Opening 30 Aug 2007
Writing credits: Moyoco Anno, Yuki Tanada
Principal actors: Anna Tsuchiya, Kippei Shiina, Yoshino Kimura, Hiroki Narimiya, Miho Kanno
Sakuran is a colorful first-time feature film endeavor sporting five of Japan’s most talented artists: Moyoco Anno (manga artist), Yuki Tanada (screenwriter), Mika Ninagawa (professional photographer/director), Tingo Shena (musician) and Anna Tsuchiya (rockstar/actress). The narrative is an adaptation based on the manga Sakuran from Moyoco Anno. A manga is the Japanese word for animation or comic, and it pertains to a certain style of art direction that is recognizable in many Asian cartoons. These daring women have made a pact to produce a product “their” way to avoid the trappings associated with Asian traditional filmmaking. Ironically, this is the attitude of survival of the film’s main character, Kiyoha/Higurashi (Anna Tscuchiya), after being sold into a life of prostitution.
In the 1720s, on an isolated, sixteen-acre piece of land was one brothel after another, altogether known as the Yoshiwara Edo, or the “Great Gate” of Edo. It attracted a wide range of male and female travelers due to the variety of entertainment. It was a modern red-light district because the existing Shogunate government respected the sport similar to that of a licensed gambling casino. The pleasure quarter functioned like an isolated city, therefore, making it easy for human trafficking to occur, as well as purchasing of exotic material goods. Children were often sold into prostitution at the Edo but, ironically, given a proper upbringing and schooled in many normal tasks. At the age of eight, they learned other trades just in case a rich man should buy them their freedom. The term Orian described the highest category of courtesans in the Yoshiwara Edos.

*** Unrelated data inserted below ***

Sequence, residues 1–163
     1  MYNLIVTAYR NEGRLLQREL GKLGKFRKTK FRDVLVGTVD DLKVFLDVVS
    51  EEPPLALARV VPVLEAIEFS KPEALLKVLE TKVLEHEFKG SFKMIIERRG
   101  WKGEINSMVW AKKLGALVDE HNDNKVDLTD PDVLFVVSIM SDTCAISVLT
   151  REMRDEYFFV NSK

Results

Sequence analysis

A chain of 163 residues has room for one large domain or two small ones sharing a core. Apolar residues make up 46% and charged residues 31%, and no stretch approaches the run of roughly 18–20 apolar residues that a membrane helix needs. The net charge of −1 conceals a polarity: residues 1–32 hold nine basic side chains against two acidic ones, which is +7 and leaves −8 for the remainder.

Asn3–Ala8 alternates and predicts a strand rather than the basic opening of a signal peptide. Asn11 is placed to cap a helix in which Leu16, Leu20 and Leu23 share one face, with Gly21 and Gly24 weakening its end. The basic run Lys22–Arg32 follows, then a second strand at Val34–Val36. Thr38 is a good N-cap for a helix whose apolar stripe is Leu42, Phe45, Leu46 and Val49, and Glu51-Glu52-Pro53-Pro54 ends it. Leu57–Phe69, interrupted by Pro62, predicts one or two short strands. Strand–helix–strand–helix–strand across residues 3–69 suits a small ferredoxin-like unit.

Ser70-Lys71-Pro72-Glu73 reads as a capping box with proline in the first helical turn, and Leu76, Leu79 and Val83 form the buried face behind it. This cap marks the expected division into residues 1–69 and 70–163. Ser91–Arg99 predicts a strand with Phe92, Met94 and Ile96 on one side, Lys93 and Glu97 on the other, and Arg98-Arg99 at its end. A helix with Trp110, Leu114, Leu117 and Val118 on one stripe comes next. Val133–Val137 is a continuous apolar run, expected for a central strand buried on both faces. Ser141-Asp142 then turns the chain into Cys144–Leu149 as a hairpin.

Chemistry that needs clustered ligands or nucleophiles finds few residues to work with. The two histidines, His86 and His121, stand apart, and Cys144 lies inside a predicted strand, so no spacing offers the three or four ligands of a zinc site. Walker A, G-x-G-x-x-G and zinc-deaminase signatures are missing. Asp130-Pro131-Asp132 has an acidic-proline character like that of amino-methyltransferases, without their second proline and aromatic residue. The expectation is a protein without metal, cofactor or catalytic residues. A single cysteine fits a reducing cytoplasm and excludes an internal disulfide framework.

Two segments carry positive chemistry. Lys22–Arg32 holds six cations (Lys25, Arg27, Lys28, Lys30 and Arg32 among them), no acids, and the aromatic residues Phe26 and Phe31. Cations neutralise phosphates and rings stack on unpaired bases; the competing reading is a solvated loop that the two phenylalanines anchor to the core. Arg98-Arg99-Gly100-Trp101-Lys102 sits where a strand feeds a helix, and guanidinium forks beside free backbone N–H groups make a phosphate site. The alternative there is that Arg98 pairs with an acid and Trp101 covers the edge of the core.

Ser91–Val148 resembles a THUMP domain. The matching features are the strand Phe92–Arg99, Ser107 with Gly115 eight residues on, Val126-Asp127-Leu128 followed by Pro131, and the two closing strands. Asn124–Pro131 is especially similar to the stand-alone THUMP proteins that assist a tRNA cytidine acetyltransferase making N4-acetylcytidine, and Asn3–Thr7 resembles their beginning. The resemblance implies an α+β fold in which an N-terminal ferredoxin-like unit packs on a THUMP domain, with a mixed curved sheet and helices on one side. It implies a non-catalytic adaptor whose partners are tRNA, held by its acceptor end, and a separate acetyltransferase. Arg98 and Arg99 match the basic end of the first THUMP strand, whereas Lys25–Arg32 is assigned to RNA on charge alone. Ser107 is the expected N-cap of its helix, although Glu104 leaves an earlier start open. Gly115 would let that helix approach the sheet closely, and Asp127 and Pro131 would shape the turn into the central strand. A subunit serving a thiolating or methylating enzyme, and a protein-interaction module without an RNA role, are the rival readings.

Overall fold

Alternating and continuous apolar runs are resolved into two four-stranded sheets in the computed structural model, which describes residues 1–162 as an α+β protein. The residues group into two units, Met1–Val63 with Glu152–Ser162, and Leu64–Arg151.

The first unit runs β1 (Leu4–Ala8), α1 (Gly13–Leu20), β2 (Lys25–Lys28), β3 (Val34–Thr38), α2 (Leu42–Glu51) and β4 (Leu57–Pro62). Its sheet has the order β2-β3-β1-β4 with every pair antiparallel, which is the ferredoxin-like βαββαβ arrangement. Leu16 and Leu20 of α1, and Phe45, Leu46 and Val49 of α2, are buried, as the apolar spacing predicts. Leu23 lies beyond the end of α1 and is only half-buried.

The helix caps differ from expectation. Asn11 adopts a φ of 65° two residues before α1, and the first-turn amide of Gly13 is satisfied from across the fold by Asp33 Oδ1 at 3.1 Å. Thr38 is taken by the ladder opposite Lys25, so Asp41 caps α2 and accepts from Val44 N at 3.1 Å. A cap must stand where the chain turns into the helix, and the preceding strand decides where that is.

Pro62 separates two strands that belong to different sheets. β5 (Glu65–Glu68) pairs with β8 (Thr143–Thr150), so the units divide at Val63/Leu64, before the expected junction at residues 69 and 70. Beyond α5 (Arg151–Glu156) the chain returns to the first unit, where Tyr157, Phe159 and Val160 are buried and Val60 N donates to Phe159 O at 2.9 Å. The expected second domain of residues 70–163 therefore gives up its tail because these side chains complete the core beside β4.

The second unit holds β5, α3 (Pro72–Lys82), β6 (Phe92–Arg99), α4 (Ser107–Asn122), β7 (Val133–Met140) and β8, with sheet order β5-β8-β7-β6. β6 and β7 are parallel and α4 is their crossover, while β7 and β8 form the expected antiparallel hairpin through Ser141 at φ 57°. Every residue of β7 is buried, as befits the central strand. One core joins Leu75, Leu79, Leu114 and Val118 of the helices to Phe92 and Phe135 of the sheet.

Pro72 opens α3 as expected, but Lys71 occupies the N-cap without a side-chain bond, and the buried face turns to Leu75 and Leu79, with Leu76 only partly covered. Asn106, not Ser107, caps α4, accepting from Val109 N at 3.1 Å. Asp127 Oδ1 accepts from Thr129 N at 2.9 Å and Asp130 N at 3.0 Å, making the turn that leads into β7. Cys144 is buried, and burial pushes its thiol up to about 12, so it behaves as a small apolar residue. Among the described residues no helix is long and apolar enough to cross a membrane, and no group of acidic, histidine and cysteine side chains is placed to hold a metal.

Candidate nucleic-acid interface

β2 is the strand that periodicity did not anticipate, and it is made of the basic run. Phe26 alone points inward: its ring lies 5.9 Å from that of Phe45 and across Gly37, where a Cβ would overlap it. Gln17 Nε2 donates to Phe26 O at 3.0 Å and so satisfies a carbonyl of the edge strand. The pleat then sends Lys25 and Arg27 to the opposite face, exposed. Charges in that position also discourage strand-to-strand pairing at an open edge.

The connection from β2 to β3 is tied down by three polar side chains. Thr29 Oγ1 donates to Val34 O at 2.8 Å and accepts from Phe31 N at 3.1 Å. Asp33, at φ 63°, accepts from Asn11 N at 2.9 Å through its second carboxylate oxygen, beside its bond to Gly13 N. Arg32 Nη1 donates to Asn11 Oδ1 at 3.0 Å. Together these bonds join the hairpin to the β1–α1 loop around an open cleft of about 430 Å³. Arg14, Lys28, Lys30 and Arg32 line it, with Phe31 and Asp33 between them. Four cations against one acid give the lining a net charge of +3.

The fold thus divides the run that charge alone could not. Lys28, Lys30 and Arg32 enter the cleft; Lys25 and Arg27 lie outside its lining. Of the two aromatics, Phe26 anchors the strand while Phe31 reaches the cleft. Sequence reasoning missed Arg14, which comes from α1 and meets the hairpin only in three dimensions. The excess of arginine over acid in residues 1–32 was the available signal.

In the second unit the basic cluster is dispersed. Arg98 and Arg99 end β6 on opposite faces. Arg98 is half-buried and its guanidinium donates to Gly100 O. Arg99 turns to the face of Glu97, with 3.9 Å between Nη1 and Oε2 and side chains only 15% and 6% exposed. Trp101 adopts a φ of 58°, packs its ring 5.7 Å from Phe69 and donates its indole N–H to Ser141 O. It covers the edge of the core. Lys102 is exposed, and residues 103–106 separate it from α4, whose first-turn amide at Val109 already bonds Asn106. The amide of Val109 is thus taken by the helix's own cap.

To achieve this honor, the Orian could not count on her beauty alone but she needed to be accomplished in dance, music, chess, flower arranging and tea ceremonies. The Orian was both admired and envied by the inhabitants of Edo. There was a great deal of power connected with her placement. The position was also the only open door through which Kiyoha, a unique, nameless girl of the night, could visualize a change in her destiny. (Karen Pecota)